Audiobook mini-reviews: The Sugar Queen by Sarah Addison Allen; The Astonishing Life of Octavian Nothing, Traitor to the Nation, Volume I: The Pox Party by M.T. Anderson; Die for You by Lisa Unger

Title: The Sugar Queen
Author: Sarah Addison Allen
Genre: Contemporary fiction, magical realism
Publisher: Bantam
Rating: 5 out of 5 stars
Source: Audiobook from the public library
Audiobook reader: Karen White
First line: When Josey woke up and saw the feathery frost on her windowpane, she smiled.

I loved Sarah Addison Allen’s Garden Spells when I read it earlier this year, and I remember someone told me that The Sugar Queen was even better. Whoever you are, you were right – this is a fantastic book. Allen takes contemporary women’s fiction, adds a bit of romance, some comedy, a dash of the whimsical, and throws in magic, and the result is a truly delightful read. Josey and Chloe are two characters to love: one is addicted to sugar, the other has books magically pop up in her life just when she needs them – whether she wants them or not. Both of them are not quite comfortable living in their skin, showing people who they are, but their friendship – and the intervention of a hard-living waitress named Della Lee – will give them the courage to be who they are. I have Allen’s The Girl Who Chased the Moon sitting on my to-read shelf, and I can’t wait to dive into it.

Audio notes: the reader Karen White does a good job voicing all of the characters and putting the right amount of emotion into her reading without going over the top.

Title: The Astonishing Life of Octavian Nothing, Traitor to the Nation, Volume I: The Pox Party
Author: M.T. Anderson
Genre: Historical fiction
Publisher: Candlewick
Rating: 3 out of 5 stars
Source: Audiobook from the public library
Audiobook reader: Peter Francis James
First line: I was raised in a gaunt house with a garden; my earliest recollections are of floating lights in the apple trees.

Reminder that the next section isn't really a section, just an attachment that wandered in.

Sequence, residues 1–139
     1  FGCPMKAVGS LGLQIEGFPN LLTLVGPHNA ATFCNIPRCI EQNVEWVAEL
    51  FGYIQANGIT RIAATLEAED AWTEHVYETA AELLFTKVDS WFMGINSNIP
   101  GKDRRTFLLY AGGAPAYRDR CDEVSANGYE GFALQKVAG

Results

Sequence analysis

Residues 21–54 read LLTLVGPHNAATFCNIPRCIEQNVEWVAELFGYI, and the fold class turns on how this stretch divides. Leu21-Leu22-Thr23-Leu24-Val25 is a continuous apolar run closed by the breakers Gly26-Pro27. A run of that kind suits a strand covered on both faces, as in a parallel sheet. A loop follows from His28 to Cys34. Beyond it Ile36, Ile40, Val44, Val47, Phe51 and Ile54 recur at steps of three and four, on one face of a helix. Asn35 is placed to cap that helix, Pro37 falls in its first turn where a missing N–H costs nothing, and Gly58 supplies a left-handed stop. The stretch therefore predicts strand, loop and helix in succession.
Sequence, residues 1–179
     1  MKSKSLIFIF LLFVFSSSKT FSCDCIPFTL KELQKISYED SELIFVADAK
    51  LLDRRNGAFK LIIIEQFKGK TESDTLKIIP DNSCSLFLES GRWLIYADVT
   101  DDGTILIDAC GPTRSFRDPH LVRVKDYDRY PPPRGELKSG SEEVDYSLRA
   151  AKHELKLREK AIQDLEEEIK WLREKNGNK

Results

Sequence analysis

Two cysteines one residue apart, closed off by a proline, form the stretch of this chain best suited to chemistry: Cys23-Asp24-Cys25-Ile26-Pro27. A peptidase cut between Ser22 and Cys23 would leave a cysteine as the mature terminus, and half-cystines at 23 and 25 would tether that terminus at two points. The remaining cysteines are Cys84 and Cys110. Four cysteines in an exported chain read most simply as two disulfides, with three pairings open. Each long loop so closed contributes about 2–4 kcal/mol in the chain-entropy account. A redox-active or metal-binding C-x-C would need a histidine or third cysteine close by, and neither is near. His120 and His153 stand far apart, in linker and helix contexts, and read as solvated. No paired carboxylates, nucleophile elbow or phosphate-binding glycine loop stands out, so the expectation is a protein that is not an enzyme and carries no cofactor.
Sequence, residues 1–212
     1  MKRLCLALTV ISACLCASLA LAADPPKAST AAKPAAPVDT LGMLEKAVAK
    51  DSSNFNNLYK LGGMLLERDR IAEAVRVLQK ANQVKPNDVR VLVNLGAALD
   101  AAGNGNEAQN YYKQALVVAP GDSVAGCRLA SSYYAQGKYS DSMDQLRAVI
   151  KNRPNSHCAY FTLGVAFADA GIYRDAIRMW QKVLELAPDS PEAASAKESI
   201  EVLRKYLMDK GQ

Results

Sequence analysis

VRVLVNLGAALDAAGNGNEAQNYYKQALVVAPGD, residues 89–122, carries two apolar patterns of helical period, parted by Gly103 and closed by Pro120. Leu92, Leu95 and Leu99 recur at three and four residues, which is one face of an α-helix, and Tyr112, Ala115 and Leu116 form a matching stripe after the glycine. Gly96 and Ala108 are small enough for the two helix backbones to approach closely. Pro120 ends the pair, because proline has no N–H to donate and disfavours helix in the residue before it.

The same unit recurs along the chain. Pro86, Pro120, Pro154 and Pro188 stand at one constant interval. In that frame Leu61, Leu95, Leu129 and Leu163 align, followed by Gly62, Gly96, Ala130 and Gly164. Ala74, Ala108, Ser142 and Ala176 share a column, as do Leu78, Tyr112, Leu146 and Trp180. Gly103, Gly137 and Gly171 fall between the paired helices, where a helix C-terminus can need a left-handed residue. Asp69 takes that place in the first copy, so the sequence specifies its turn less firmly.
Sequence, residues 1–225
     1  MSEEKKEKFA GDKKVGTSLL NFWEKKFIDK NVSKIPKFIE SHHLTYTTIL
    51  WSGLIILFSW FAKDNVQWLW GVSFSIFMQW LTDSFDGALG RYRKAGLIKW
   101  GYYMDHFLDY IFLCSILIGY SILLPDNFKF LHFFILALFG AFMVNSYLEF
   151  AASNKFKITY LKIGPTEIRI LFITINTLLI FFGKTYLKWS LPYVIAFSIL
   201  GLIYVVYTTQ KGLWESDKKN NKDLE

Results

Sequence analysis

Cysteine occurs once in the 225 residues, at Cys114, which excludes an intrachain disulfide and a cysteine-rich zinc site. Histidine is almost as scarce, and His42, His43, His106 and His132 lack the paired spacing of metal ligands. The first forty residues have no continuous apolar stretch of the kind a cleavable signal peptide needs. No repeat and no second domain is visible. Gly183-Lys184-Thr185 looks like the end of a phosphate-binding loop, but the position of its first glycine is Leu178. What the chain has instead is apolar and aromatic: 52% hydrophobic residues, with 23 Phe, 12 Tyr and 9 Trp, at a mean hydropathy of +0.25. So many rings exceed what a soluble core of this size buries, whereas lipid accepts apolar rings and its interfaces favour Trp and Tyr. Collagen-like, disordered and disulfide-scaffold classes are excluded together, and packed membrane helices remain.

Octavian is an African slave being raised as part of an experiment conducted by the Novanglian College of Lucidity. Their goal: to discover whether there are inherent differences in the intellectual abilities of whites and blacks. Octavian is given a classical education; his mother is treated like an African princess – until the philosophical society is forced to take on investors who have different motives. Anderson deals with slavery and racism against the backdrop of the beginnings of the American Revolution, writing in the style of the era, which I enjoyed. Most of the book is told from Octavian’s perspective, and if Anderson had stuck to that tactic, I would have rated this book 4 or 5 stars. Unfortunately, a large section toward the end is narrated by another character, and that section didn’t keep my attention as well. I am looking forward to book two so I can find out how Octavian’s story ends.

Audio notes: I was delighted to discover that this book was read by Peter Francis James, who has been one of my favorite narrators since I listened to Zadie Smith’s On Beauty. He has a rich voice and can do an amazing variety of accents with ease.

Title: Die for You
Author: Lisa Unger
Genre: Thriller
Publisher: Vintage
Rating: 4 out of 5 stars
Source: Audiobook from the public library
Audiobook reader: Ann Marie Lee
First line: A light snow falls, slowly coating the deep-red rooftops of Prague.